The 2019 Berggruen Governance Index evaluates countries on the basis of their quality of political governance. To do this, the Index disaggregates governance into three key components: Quality of Democracy (Inputs), Quality of Government (Throughputs) and Quality of Life (Outputs). By disaggregating the capacities of governance, the Index attempts to deepen understanding of the relationship between the democratic feedback, government competence and the provision of public goods.
The Index evaluates 38 countries using the three indices composed of 27 sub-indices measured across a 14-year time span between 2004 and 2018. The 38 countries selected represent about 2/3 of global population and ¾ of global GDP.
The top performers are the usual suspects. Western and Northern Europe, Canada and the US, Australia – all fare quite well. But the interesting insights do not arise from looking at the overall rankings but at evaluating the relative position of any given country across the three indices. For example, some countries rank higher on Quality of Life than they do on Quality of Democracy. The explanation for why a country is able to produce better than expected outputs (Q of L), despite meagre inputs (Q of D) , most likely lies in a strong competence among the sub-indices the make up the Quality of Governance. For countries, the index offers a flexible tool to identify real or potential strengths and weaknesses, and serves as a point of departure for either building on what works or diagnosing and adjusting what does not.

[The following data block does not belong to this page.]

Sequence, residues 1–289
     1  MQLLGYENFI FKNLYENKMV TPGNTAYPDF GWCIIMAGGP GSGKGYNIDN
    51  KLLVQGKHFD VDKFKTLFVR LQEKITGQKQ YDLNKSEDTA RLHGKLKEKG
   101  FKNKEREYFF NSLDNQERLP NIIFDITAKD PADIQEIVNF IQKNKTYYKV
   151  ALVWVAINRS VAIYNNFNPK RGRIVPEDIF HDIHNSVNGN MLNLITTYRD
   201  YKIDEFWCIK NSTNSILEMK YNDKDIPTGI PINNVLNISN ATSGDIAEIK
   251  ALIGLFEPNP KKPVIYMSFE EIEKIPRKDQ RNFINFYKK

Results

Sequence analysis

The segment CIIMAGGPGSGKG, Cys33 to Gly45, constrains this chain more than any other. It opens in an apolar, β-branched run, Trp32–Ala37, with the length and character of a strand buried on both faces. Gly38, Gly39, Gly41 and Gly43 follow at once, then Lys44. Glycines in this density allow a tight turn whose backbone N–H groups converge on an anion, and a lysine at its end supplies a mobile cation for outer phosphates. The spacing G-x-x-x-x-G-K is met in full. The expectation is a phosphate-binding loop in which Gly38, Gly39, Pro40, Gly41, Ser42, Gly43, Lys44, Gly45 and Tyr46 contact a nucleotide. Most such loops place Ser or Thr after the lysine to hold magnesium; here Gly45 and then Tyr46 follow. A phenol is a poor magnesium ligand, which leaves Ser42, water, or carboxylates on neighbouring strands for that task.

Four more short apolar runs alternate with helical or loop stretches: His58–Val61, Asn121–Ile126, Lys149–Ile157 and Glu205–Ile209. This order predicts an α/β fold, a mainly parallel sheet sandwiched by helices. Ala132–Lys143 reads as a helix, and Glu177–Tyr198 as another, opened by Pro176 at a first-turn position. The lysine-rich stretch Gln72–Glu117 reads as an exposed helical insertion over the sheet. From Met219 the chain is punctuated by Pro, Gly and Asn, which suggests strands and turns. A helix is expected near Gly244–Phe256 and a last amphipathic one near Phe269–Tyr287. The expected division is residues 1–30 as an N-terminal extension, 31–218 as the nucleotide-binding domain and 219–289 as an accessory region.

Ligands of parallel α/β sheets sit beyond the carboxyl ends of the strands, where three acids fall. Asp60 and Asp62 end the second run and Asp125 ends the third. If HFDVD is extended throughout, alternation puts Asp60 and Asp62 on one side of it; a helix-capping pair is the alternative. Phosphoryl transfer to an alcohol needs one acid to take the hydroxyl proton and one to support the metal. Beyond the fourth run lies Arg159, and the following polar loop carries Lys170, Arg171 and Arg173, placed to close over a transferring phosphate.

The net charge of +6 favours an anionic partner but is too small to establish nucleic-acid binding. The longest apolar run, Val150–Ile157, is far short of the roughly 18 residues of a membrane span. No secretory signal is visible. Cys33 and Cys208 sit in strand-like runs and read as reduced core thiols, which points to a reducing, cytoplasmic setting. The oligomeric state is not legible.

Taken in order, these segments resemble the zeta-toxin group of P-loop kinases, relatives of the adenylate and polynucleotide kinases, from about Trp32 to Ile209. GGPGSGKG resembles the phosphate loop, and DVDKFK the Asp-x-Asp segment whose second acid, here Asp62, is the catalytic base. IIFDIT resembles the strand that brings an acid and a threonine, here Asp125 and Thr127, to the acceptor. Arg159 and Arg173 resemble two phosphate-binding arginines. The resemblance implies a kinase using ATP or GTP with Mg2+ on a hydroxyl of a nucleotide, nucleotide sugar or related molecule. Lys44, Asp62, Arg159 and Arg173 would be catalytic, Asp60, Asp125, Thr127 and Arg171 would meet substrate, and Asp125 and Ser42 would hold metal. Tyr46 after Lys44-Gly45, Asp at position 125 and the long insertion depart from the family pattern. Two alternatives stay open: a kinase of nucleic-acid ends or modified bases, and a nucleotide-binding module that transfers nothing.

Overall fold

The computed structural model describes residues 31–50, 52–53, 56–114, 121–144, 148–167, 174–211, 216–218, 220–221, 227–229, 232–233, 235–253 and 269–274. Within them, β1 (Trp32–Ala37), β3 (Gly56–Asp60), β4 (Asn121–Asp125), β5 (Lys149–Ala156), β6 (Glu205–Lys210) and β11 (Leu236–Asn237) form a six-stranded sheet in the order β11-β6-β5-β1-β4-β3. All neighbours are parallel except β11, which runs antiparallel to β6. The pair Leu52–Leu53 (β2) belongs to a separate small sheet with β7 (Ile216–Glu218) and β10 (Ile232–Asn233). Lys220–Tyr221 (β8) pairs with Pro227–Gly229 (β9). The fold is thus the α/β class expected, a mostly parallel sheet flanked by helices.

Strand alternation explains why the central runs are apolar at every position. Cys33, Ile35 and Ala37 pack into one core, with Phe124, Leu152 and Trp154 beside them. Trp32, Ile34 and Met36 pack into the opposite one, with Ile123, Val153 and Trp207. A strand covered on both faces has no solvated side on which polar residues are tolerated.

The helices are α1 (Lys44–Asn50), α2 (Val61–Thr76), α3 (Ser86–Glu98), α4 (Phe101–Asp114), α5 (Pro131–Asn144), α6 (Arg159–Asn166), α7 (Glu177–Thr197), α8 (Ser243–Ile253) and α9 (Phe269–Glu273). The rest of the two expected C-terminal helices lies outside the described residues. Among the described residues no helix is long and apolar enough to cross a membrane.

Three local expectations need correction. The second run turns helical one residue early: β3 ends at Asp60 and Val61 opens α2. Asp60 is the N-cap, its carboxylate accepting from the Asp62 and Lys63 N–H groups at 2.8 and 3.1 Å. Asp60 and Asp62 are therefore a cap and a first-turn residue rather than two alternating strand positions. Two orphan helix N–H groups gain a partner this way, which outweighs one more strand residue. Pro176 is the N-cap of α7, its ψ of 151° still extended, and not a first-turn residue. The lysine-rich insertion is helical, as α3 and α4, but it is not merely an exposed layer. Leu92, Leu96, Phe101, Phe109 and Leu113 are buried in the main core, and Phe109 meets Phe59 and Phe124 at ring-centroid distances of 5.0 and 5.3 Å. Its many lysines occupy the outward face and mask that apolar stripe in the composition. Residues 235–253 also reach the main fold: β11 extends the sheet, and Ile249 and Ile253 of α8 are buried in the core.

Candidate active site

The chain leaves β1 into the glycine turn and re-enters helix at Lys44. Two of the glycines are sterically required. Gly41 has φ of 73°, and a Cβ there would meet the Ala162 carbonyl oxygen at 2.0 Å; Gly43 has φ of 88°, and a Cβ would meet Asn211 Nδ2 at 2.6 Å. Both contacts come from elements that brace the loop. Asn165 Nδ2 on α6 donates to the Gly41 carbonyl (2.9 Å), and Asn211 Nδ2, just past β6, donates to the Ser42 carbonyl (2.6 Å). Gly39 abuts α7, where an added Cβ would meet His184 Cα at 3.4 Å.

There is a tacit assumption in the democratic world, that high levels of democracy will produce the best Quality of Life, but the Index exposes deeper insights into the actual relationship between them and the importance of government competence and capacity. In so doing, the Index seeks to catalyze a shift in perspective when it comes to how we think about and measure “good” governance.